Review: Simon Baker’s adaption of Tim Winton’s ‘Breath’


‘Breath’ is a coming of age film based on the novel of the same title written by renowned Australian author, Tim Winton. The film was directed by Simon Baker, with it being his writing and directorial debut. 

Like many of Winton’s novels, the plot is set in the Western Australian fictional town of Angelus. The story begins with two boys in their early teens, Pikelet and Loonie, discovering their love for surfing. The boys, in their quest to get the big waves, develop a ‘mentor’ relationship with an older and wiser surfer, Sando (Simon Baker). The boys become regulars at Sando’s home, and are acquainted with Sando’s American wife, Eva (Elizabeth Debicki). But when Loonie and Sando betray Pikelet by going on a surfing trip without him, Pikelet finds comfort in the arms of Eva. 

From the trailer, the film looks like a coming of age story about two friends who develop a relationship with the ocean through surfing. But the film takes a sudden, disquieting turn into the relationship between Pikelet and Eva – and her fetish for erotic asphyxiation. As much as this was shocking in the novel, it is even more so in the film with less time for character and plot development.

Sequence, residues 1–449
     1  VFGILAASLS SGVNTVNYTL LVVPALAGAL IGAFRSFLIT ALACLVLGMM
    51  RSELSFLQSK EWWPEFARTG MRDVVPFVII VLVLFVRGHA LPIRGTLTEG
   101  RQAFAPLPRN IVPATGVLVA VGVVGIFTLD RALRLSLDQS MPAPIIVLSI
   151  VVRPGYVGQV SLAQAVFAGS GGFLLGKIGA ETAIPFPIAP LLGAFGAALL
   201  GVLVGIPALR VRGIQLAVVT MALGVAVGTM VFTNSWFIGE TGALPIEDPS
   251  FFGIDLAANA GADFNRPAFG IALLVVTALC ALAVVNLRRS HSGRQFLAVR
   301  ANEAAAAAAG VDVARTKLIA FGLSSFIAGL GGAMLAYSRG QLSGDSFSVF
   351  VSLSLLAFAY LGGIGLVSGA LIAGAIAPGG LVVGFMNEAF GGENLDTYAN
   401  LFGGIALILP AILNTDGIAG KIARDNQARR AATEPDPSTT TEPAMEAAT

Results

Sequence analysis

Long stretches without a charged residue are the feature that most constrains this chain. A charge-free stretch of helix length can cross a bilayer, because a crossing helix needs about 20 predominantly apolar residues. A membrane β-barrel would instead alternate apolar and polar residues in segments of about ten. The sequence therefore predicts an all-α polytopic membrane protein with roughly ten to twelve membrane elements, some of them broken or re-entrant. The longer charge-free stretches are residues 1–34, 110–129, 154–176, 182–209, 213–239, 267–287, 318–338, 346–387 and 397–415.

The film does explore important themes, such as the fear of being ordinary, taking risks and facing danger. However the impact of these themes on audiences will fall short with the distraction of the unusual sexual relationship between Pikelet and Eva. 

Simon Baker makes a somewhat average debut as director. The biggest challenge for Baker when adapting the novel, was going to be translating Winton’s lyrical description of water and the emotions the characters have for the ocean. This was achieved through the film’s cinematography, (done by Rick Rifici) with incredible under water shots that demonstrate just how much of a character the ocean is in the novel. 

Not only was this Baker’s debut being director, but the two main characters (Bruce Pike and Loonie) were played by debuting actors Samson Coulter and Ben Spence. Although this wasn’t obvious, with their acting performances being that of seasoned actors, a highlight being the comedic relief of Spence’s depiction of Loonie. 

‘Breath’ is a fair first attempt at feature films by Baker, but the overall adaption of the novel lacked the depth that Winton’s writing deserved. 

Image Source: Penguins Books Australia


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